4. How have you advocated for the LGBTQIA+ community and supported inclusion for the LGBTQIA+ community in the past? Please be specific.

While I have been a passionate supporter of the LGBTQIA+ community throughout my 25 year career in electoral politics – this was also a family value taught in the home I grew up in, as well as the home that my husband and I raise our son in. We as a family proudly attended the Inaugural Annapolis Pride Parade and festival, and have celebrated with the community just this past year.

Specifically I will answer with some legislation that I feel needs more attention from last year’s session which I proudly supported.
Nearly 13,000 service members were discharged during the 17 years the “Don’t Ask, Don’t Tell” policy was in place. These military service men and women who were forced to leave the military due to their sexual orientation were not given the dignity of an honorable discharge. HB 1380 required the Secretary of Veterans Affairs to adopt regulations to determine whether an individual qualifies as an honorably discharged Veteran. This will ensure that service members who were discriminated against by this policy are able to take advantage of State programs of benefits, rights, and privileges applicable to veterans.
I am so proud this legislation has become law.

5. It has been well documented that LGBTQIA+ people face health disparities linked to societal stigma, discrimination, and lack of access to quality health care. How have you advocated to reduce LGBTQIA+ health disparities? Explain if you have not and what you intend to do in the future to improve the health of LGBTQIA+ people in Annapolis and/or the State.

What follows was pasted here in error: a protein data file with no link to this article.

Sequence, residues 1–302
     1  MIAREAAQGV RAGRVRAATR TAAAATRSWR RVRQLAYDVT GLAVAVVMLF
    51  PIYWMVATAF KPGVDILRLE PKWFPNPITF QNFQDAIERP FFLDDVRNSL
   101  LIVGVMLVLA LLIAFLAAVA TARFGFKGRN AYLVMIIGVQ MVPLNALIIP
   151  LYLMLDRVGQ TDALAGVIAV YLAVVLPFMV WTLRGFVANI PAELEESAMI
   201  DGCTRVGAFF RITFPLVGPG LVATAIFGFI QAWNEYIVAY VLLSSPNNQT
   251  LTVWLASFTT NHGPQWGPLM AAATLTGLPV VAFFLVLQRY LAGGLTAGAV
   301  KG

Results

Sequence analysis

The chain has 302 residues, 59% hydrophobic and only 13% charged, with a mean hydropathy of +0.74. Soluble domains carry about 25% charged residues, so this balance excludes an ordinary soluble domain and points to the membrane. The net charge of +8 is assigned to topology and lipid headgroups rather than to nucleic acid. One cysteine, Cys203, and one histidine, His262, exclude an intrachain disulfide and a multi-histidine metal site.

In 2022, I worked with my friend and colleague, Delegate Anne Kaiser, on HB 746: The Trans Health Equity Act of 2022. This bill would have modernized coverage for dealing with gender dysphoria, and helped to reduce healthcare disparities, by requiring Maryland Medicaid to cover an array of gender-affirming treatment, in a non-discriminatory way, in order to help deal with the issue of gender dysphoria. This legislation was written with the consultation of the Maryland Department of Health and in collaboration with medical professionals from Johns Hopkins Medicine, Medstar Health, and other medical institutions. Maryland denies coverage for 31 gender-affirming procedures based on antiquated standards, and this legislation would have changed that. This legislation is necessary to improve the standard of care for transgender Marylanders, and I look forward to working on similar legislation in the Session to come.

6. How do you support improving police transparency and accountability?

In the months before the 2021 Session, my seatmates and I met with advocates, police officers, and local officials to gain insight into our local police departments. During the 2020 interim, the Maryland Senate and House engaged committee hearings and workgroup analysis to develop police reform policy recommendations for the 2021 legislative session. Collectively, the workgroups facilitated more than 15 hours of oral testimony and briefings as well as accepted written testimony from members of the public and organizations including; the Maryland State’s Attorneys Association, Maryland Office of the Public Defender, State Law Enforcement Officers Labor Union, Maryland Police Standards and Training Commission, NAACP, Public Justice Center, American Civil Liberties Union, among others. I joined the majority of my colleagues in addressing statewide police reform by voting yes on HB 670. This comprehensive, bipartisan police bill is based on the workgroup’s recommendations, which balanced police accountability with new support programs for law enforcement.